Guest Post by Gwyn Ridenhour
Eva is a self-published, touring author of two books. She has sold over 100 copies. She has her own website, and she lectures about the craft of writing. Eva is my 8-year-old daughter who was given the freedom to begin developing these amazing talents two years ago when our family left school and began to home educate. She, along with my 11-year-old son, are members of a family that studies traditional subjects, such as history and math, and also devotes a large portion of our time toward creative endeavors.
It seems everywhere I look lately, teachers and parents are increasingly dissatisfied with the one-size-fits-all approach of public education. Many feel that our nation’s fixation on standardized testing is ruining the prospects of our country’s young minds. While there are many ways to approach this issue (I am prone to rant about policy changes, the inefficiencies of differentiated instruction, and the pathetic wages and support we provide our teachers), I think there is a lot to learn from my experience with my daughter.
I believe that nurturing one’s creativity, passions, and problem solving skills is the most important piece of education, and I was determined that my children would have ample opportunities to do so. Eva has always been a storyteller and an avid reader. So when she was six, I decided to let her “reading class” be devoted to telling a whole story, from beginning to end.
We used the online resource National Novel Writing Month, and I printed out their free workbook that helps kids think about characters, setting, and plot. When I gave it to Eva, she accepted it as a treasured gift. We used it sometimes in “class,” but mostly she used it on her own, jotting down notes and drawing pictures of her characters. In October of that year, I sat down with her and a notebook. Because she was still learning how to hold a pencil, I told her that for this exercise I would be her hands as she dictated to me. I asked her questions about her story, and over the month she created her framework and I jotted it down as an outline.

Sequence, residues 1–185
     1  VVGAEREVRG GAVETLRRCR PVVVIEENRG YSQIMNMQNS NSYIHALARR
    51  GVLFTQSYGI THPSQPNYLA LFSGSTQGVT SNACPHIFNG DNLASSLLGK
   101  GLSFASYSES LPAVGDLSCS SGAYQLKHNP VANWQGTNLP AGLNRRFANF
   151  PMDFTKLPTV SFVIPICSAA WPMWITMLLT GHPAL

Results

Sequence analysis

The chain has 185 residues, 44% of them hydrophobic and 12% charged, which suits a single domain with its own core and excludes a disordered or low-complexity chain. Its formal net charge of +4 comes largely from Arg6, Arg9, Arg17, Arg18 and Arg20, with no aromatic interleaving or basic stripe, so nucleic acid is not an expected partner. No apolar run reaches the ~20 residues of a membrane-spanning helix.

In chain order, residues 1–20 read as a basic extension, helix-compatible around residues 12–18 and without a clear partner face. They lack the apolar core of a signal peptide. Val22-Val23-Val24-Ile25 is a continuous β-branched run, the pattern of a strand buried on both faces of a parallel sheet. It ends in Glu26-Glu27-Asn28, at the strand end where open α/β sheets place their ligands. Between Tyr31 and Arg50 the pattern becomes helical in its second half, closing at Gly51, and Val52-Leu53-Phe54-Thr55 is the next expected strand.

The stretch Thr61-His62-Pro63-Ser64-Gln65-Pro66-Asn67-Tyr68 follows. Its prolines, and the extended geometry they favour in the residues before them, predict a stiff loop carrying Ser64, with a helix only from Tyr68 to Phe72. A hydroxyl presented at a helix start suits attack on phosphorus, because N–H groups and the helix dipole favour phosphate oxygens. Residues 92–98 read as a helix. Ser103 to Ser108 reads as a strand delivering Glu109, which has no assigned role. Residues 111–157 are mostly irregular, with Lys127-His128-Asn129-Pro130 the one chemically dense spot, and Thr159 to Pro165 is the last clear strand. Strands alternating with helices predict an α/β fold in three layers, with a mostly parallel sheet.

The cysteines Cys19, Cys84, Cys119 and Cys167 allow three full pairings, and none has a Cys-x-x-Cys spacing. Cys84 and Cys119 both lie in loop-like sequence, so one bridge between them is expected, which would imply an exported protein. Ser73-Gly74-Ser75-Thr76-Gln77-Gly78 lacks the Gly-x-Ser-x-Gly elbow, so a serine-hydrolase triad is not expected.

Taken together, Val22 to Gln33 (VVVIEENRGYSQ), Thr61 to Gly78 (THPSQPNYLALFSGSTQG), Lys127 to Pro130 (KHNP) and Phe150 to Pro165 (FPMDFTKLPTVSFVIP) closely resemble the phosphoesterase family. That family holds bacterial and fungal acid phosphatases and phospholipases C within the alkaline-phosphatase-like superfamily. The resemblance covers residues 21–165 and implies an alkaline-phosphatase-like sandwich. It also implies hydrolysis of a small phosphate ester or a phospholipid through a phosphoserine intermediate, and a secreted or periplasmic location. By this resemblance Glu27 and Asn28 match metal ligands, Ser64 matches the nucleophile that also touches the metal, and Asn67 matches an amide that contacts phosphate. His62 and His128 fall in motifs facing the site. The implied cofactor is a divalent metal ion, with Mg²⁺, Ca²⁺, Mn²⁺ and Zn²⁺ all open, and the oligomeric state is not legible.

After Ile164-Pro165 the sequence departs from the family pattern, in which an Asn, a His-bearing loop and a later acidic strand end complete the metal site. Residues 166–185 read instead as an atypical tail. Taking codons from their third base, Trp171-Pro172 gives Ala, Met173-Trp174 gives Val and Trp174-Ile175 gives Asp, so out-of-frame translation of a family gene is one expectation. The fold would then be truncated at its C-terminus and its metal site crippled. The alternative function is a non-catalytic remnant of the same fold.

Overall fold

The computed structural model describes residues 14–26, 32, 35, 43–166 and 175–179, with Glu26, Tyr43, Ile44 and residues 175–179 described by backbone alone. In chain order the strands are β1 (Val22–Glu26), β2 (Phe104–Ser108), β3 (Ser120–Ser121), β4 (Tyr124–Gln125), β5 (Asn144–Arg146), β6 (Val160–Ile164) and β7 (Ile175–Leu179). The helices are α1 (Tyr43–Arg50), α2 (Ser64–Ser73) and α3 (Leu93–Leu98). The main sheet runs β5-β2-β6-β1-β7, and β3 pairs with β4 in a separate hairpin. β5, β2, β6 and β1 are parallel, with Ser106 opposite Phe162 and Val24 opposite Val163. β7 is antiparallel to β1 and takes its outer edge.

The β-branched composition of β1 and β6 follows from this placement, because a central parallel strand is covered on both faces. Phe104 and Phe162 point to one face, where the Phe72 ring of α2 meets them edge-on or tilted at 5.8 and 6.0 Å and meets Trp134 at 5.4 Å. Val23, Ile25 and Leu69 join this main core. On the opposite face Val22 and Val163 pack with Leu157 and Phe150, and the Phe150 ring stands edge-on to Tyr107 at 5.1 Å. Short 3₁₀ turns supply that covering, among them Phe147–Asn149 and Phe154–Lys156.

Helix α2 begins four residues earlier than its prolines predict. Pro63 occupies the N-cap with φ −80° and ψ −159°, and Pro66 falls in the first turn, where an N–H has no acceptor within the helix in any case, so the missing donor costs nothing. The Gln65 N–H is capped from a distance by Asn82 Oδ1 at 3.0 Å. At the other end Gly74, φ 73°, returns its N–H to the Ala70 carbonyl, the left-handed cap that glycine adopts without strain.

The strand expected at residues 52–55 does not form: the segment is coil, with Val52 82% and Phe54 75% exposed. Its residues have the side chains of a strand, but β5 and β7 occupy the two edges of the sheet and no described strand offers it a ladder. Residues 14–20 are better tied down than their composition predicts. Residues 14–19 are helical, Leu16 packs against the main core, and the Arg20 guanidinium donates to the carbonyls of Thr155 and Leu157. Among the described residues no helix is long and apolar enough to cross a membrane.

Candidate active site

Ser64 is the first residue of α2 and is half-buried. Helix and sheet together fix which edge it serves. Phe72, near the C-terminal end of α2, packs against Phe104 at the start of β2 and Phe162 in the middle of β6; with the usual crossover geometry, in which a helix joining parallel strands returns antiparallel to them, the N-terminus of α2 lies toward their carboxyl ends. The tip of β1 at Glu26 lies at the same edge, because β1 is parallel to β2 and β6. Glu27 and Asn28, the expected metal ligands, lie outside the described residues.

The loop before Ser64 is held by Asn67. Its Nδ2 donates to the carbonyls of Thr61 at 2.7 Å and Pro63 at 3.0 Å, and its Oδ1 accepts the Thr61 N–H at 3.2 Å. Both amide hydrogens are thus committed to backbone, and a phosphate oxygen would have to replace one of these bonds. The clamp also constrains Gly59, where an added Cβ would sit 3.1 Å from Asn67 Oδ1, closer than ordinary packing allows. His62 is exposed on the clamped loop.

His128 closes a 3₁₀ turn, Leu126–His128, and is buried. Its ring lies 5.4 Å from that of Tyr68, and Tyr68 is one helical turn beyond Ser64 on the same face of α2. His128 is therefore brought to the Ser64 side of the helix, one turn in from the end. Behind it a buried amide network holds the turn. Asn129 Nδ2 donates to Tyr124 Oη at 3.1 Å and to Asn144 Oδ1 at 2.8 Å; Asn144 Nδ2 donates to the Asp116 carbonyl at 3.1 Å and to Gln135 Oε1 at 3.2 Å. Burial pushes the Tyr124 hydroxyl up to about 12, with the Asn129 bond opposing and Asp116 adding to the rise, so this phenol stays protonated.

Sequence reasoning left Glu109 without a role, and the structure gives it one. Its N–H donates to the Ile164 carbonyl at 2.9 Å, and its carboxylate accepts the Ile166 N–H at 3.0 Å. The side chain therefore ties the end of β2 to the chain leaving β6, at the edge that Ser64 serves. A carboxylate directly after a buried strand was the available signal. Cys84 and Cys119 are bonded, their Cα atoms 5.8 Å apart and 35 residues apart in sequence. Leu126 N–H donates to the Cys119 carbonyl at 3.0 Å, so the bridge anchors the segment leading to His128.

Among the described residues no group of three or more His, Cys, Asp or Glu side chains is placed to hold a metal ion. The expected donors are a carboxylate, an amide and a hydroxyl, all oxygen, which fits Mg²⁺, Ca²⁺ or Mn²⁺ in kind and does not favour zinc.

The challenge of NaNoWriMo is to write a book in 30 days. Eva and I set her word count goal at 2,000 words, or five or six sentences each day. Some days she would dictate 20 sentences, faster than I could type them, and some days we’d do nothing. We kept an eye on the calendar, but paced ourselves. In 30 days, she had a complete story.
Lots of kids write wonderful stories, but they are stuck in notebooks and stuffed away in drawers and boxes. I wanted Eva to experience being a writer as something special. So I printed out her story and had her read it out loud, several times. She identified a lot of her own errors, and I taught her about verb tense and punctuation. She made all of her own corrections.
Then she illustrated it. This took a couple of months, and there were many times that she wanted to quit. But we stuck with it, and eventually she had her pictures ready for scanning. I put them into her book and then sent it off to a self publishing website. By April, Eva held her very own hard-cover picture book. She was thrilled. That day she said to me, “Mom, I used to want to be a princess. But now I want to be an author!”